Still, it is cool that they are including AppFuse. I haven't had a chance to play with AppFuse yet, I was considering trying out on my personal project, but I've decided to use Spring+Acegi+Apache Axis (SOAP) and write a front-end in Swing. At the start of the project I wasn't familiar with any of those technologies, so I'm learning tons.

Posted by James A. Hillyerd on January 15, 2005 at 09:12 PM MST #

I agree with James, that gentoo take a while to install but with this distribution comes the one of the best documentations i've ever used.
After carefully reading the installation-guide (and having some experience with linux) it shoud be no pain to install gentoo and you can choose the binary packages, if you have a slow machine.
I have 2 gentoo-boxes, one dualboot with Win-XP and the other is my fileserver with samba and backup-machine. I really love this distribution, one example why: a few weeks ago i made (after protecting some config-files and some files under /etc/portage/) an
'emerge --update --deep world'
--> this does a complete update with all dependencies of your whole system, see gentoo-handbook .
There are tons of good software in the portage tree and if they are in the portage-tree, they are very easy to install with all (necessary) dependencies. The mailing-list are really good and the IRC-Chatrooms also. You should find help on all topics very fast.

For the work with AppFuse i think i'll switch from the portage-tomcat5 to one i'm installing myself b/c i don't need the init-scripts for it and want to start/stop it with eclipse-tomcat-plugin. Also with this, i don't have to change the userrights for tomcat.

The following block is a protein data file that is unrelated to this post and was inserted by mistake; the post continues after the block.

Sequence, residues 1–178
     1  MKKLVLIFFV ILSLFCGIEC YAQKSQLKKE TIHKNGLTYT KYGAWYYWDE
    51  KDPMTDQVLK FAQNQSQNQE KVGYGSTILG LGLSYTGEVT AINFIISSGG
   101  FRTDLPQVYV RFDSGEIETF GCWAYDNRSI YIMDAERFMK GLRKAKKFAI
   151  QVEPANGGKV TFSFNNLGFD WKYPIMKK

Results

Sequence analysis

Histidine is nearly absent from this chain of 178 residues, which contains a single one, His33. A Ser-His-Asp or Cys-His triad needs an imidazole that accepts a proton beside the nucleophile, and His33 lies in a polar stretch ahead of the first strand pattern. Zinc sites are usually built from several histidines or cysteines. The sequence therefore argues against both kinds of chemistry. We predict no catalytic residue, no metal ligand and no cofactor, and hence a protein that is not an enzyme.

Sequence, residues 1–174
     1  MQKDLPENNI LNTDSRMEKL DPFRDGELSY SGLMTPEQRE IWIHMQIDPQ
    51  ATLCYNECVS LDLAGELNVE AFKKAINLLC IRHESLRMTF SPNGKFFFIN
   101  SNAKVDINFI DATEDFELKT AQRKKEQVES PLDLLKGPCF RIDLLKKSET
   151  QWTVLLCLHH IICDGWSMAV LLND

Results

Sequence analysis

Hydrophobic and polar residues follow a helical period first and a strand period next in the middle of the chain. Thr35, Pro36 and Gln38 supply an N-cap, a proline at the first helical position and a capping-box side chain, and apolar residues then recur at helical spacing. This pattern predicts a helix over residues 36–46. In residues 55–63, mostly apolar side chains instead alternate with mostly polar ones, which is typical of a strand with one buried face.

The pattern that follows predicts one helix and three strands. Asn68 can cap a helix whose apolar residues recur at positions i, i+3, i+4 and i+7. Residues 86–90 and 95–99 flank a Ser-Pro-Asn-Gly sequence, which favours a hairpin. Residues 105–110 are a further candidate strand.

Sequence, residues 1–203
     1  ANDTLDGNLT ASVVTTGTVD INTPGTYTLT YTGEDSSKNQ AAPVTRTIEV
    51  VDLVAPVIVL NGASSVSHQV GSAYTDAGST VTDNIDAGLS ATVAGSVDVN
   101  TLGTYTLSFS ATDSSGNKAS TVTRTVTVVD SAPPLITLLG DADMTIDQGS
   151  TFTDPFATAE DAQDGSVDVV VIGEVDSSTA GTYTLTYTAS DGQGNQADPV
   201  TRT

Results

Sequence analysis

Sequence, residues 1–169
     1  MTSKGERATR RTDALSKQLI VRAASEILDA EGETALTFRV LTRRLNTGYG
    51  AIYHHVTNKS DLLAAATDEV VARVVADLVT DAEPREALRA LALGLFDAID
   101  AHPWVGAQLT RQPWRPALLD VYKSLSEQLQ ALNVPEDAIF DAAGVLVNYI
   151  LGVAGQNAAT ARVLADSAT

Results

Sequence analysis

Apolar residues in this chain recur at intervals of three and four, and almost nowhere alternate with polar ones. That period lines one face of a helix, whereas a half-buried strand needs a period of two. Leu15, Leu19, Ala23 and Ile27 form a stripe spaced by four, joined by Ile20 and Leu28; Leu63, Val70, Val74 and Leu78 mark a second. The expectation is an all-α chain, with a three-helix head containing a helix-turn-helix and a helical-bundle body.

All in all: Gentoo needs some time to get involved but after that you don't want to switch back to another distribution, that's my experience.

Matt, tons of thanks for your work with AppFuse! On Monday i'll have a meeting where i introduce AppFuse to my colleges and boss so that the other developers can switch to AppFuse for coding new apps.
Next week(s) i want to put my 1.6 app to 1.7 with using Acegi and cleaning up some code b/c i learned so much from spring-live and the AppFuse mailinglist.

Keep on going!

Posted by Torsten Schmidt on January 16, 2005 at 01:23 AM MST #

i've been a gentoo user for a little over a year now, and am quite pleased with it. i didn't find the setup to be that much of a drag, if only because it's not that much more complicated than installing many Linux packages. the biggest drawback to me is the compile time, which depending on the hardware can be significant (on my thinkpad X23, open office takes around 14 hours or so), but server side that's less of an issue. if you can deal with that, i think it's the best distro for hands on users. most importantly, the user forum has - for me - been outstanding. when i had a problem with a modem driver, one of the users actually installed my exact kernel image just to help me debug. tough to beat that.

Posted by stephen o'grady on January 16, 2005 at 01:42 PM MST #

I ran Gentoo on my laptop for more than a year since it was the only distro which decently handled the roughness of the IBM TP R40e. It worked great, but I grew tired of the compilation and the fact that I honestly did not know what the compiler settings I was using really meant. Don't tell anyone. Since RPM-based distros are out of the question, I briefly ran Arch, which was good to me, before stumbling across Ubuntu which is now all of my client computers (except the workstation at work which needs a 2.4 kernel since I most unfortunately needs to run IBM JDK 1.3.1 which crashes in a ball of fire on 2.6 kernels). It is awesome, everything just works - CD/DVD burning in Nautilus, the hotplug using HAL. I should also mention that I am running the unstable Hoary branch which is actually pretty stable.

Posted by Marcus Ahnve on January 16, 2005 at 03:39 PM MST #